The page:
Leadbeater says that the origins of his book stem from a combination of frustration and excitement. "I have been writing about innovation for almost 15 years, but have been growing slightly frustrated with much of what I saw, which seemed to be innovation designed for proliferation. So, I became interested in innovations that I thought were really making a difference to how we would live."
At the same time he grew increasingly excited by what he saw in many parts of the developing world, where innovation was taking place almost in spite of the limited resources available. "Creativity was driven by the extreme constraints innovators worked under." But, because this kind of innovation can happen literally anywhere, "I think one of the stories of the future will be about innovations coming from many more places in the world – not just from the famous universities and high-tech clusters like Silicon Valley and Cambridge".
As the sub-title of his book explains, frugal innovation is all about "creating change on a shoestring budget", where the concept of bringing new products to the market for consumers with massive disposable income is reframed to deliver solutions to the problems of the world's poorest people. These solutions, says Leadbeater, share four characteristics that reduce waste and complexity, while being environmentally responsible and for the benefit of everyone. He sums it up by saying that in other words these solutions are lean, simple, clean and social.
Leadbeater is the first to admit that while the term 'frugal innovator' provides the title for his book, he didn't coin the phrase. "It has come from many different settings, but perhaps mainly from India where a wave of frugal innovations is emerging: from low-cost heart operations to water filters, trucks, cars and electronic tablets." In India, this kind of innovation is often nicknamed jugaad, a Hindi word that describes an improvisational way of fixing a problem. And yet, it is more than a quick fix, capable of operating on several levels: "Frugal innovation is set to become more systematic, used by organisations large and small. It can apply to products such as cars and water filters, or services such as health and education." Leadbeater says that one of the most important applications will be in cities, developing new frugal systems in utilities.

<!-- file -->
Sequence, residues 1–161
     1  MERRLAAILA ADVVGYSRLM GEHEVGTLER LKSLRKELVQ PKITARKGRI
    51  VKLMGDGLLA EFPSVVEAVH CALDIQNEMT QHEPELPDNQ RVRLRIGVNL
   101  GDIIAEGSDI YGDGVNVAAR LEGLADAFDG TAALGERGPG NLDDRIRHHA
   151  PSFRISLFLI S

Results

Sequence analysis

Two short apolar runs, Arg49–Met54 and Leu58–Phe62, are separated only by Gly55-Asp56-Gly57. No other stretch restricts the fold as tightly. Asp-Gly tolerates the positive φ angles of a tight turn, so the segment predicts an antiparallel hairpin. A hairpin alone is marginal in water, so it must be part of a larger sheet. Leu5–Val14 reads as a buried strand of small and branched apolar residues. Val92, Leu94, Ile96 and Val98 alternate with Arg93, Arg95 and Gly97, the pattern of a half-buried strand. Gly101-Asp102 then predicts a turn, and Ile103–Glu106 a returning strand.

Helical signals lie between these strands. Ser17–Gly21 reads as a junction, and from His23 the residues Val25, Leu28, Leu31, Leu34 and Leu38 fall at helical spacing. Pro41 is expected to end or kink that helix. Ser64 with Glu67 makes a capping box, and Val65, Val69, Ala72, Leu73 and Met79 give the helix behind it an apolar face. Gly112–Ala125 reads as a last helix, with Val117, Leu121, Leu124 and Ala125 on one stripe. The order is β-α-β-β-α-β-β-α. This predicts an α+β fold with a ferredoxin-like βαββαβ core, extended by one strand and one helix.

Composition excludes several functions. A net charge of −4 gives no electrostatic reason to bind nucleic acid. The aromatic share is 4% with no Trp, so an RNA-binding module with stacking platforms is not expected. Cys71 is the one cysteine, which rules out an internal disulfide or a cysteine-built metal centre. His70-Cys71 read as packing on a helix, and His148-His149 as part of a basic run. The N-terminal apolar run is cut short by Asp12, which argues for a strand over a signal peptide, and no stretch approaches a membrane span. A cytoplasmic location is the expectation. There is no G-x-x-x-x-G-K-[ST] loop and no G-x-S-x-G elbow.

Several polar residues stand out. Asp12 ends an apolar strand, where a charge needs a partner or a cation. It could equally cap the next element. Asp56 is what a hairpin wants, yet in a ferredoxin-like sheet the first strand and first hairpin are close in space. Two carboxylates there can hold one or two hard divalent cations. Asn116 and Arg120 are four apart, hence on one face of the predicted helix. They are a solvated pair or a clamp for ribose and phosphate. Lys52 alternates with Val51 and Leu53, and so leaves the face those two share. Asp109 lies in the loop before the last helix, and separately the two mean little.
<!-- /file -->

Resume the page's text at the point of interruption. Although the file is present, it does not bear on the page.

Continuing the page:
"Innovation is almost becoming a new kind of faith in the future that will be delivered by technology," says Leadbeater. But, he warns, to fulfill that potential "we need more than shiny new versions of products we already have. Manufacturing and engineering has a critical role to play in many of these products and systems, because we need new low-cost, simple, recyclable ways to generate and use energy and water. There is a huge new, exciting agenda here for engineers and manufacturers to create new products".
In search of innovation
Leadbeater's research into how this kind of ethical innovation evolved shows that it doesn't automatically need to be led by the fringes of technology. "Big business can play a role both as a source of innovation and as a means to spread it. The key is whether big business wants to meet the kinds of resource and price constraints that drive frugal innovation." He goes on to cite some of the most impressive innovations as having come from the likes of General Electric and Tata in India, as well as smaller innovators, such as Husk Power Systems, which has developed a way to generate energy by using discarded rice husks.